A manuscript was submitted to our journal that describes a social media advocacy campaign that was run by an international NGO for the purpose of eliciting public support for a new law in a low-middle income country. The authors are from the NGO and the government department in that country, that together funded and ran the campaign, and also collected and analysed the data used in the manuscript.
Some of the data reported in the manuscript were survey data collected from people who signed the online petition in support of the proposed law. The manuscript provides information that could be useful for others planning similar advocacy campaigns. The data are reported in grouped format (counts and percentages), such that participants are not able to be identified from the results. The nature of the data reported in the manuscript is not of a sensitive nature, and the study would generally be considered a low risk project (answering an online survey about how the participant found out about the campaign and demographics of respondents etc).
The authors state that all respondents agreed to participate in the research. However, the study has not been reviewed or approved by a human research ethics committee.
Question(s) for the COPE Forum
• Would retrospective research ethics committee review be appropriate to consider in this situation?
The majority view from the Forum was that the editor should obtain retrospective ethics approval for the study. However, the Forum noted that it is up to the editor, and it is his judgement call; if the editor is happy with the current position, and common sense tells him that the study is sound, then he should publish.
Although low risk, some of the Forum cautioned that the editor should err on the side of caution as the study involves human subjects, and the advice was to go back to the authors and ask them to obtain ethics approval for the study. If retrospective approval is obtained, the Forum advised a note on the paper saying that retrospective approval was obtained, in the interests of full transparency. A poll of the (8AM) audience revealed that the majority were in favour of going back to the authors and asking them to obtain retrospective ethics approval.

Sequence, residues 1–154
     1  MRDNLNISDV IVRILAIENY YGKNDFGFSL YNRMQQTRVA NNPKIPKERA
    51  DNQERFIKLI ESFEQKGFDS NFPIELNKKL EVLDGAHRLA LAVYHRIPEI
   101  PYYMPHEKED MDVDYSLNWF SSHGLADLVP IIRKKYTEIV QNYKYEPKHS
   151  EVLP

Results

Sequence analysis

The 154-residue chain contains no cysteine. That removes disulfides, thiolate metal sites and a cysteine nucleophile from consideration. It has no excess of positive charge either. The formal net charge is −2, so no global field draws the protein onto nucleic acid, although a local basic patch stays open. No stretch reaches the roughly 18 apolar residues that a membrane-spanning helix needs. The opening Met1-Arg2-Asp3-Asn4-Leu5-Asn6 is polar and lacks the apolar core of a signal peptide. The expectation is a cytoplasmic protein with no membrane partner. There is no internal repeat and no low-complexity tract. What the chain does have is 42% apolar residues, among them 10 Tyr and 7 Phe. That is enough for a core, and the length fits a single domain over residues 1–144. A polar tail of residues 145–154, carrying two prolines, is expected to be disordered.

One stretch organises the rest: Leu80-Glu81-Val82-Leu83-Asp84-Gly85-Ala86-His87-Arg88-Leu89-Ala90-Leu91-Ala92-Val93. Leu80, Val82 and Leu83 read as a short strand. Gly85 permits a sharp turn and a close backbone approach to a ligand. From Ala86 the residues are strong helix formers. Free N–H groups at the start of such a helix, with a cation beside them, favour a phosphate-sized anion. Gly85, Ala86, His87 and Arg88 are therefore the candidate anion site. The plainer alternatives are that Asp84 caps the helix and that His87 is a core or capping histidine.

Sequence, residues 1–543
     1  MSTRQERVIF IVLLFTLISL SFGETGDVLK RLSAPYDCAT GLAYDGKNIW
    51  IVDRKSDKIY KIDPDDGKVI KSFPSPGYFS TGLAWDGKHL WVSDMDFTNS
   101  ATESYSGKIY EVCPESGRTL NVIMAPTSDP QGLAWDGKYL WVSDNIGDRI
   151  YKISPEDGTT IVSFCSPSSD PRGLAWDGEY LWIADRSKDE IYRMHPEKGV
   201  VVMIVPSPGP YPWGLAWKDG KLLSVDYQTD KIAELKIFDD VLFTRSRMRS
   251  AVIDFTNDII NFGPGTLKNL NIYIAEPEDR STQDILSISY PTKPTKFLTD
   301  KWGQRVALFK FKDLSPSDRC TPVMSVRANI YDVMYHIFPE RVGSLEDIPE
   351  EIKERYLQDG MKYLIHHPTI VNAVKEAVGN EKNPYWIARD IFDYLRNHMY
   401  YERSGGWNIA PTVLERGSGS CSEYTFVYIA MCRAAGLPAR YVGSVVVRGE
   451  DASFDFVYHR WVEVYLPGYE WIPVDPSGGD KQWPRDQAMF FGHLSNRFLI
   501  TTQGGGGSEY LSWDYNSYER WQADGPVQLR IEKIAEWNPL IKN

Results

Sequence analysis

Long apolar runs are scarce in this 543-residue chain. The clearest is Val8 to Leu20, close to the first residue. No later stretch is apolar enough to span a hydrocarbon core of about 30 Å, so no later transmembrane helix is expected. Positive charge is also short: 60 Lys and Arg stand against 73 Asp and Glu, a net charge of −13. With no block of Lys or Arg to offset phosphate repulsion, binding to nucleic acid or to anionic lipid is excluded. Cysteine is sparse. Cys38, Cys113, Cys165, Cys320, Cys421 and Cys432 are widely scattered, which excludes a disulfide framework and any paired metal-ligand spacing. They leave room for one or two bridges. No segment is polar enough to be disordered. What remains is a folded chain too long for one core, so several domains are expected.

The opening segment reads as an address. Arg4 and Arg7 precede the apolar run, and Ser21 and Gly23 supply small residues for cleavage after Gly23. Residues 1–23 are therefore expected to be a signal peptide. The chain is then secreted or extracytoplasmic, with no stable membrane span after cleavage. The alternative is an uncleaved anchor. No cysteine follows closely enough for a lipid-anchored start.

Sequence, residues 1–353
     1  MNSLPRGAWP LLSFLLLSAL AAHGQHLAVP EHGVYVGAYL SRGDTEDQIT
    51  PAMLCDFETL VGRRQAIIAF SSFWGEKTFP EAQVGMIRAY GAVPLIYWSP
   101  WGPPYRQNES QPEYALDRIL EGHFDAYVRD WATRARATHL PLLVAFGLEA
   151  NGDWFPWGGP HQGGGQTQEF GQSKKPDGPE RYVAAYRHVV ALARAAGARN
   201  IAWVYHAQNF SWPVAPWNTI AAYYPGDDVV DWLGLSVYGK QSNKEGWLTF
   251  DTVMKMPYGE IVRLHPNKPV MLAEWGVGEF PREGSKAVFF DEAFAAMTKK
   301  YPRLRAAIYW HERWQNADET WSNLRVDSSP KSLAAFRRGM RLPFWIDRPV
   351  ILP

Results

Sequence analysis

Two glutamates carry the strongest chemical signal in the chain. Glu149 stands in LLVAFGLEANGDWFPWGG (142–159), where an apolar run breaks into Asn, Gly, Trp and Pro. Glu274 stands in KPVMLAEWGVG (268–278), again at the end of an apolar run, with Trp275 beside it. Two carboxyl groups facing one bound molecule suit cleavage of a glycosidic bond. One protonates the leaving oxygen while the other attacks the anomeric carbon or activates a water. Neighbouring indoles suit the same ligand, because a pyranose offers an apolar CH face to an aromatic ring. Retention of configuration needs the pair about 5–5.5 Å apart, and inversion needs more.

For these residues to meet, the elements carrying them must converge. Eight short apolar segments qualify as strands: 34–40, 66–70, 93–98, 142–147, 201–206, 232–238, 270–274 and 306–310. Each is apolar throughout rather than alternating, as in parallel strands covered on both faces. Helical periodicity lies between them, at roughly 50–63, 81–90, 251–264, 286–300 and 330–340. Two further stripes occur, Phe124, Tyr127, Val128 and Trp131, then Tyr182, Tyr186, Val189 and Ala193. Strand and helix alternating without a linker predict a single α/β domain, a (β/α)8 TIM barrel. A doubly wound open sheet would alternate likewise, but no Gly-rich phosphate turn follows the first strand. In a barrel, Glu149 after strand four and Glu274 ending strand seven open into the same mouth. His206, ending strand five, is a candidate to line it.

Another view from the Forum was that editors should only seek retrospective review under extraordinary circumstances. As a norm, retrospective approval should not be used for any study that has been completed, unless there are exceptional circumstances (research conducted in a war zone for example). A suggestion was for the authors to provide more specific information on the type of consent that was obtained and for this to be published as an appendix to the paper.
Often the need for approval is different in different countries and this COPE document provides some helpful information. http://publicationethics.org/files/Guidance_for_Editors_Research_Audit_and_Service_Evaluations_v2_0.pdf
The authors were advised by the editor that they needed to address the issue of lack of ethics approval for the study and it was recommended that they seek retrospective ethics approval from an institutional review board. However, the authors resubmitted the manuscript without ethics approval and stated that ethics approval is not required for this type of study (surveys) in the country where the study was conducted. The editor requested they supply further material, such as a letter from the research ethics authority in the country or other official document that confirms this type of study is automatically exempt from requiring ethics approval, and participant information and consent statements.
The journal is waiting on material from the authors to confirm the study meets accepted standards.
Follow up (October 2016):
The authors submitted a response to the journal. Rather than evidence of exemption from ethical approval, they obtained retrospective ethics approval from a relevant institutional review board in the country and provided the certificate. The manuscript has now been accepted.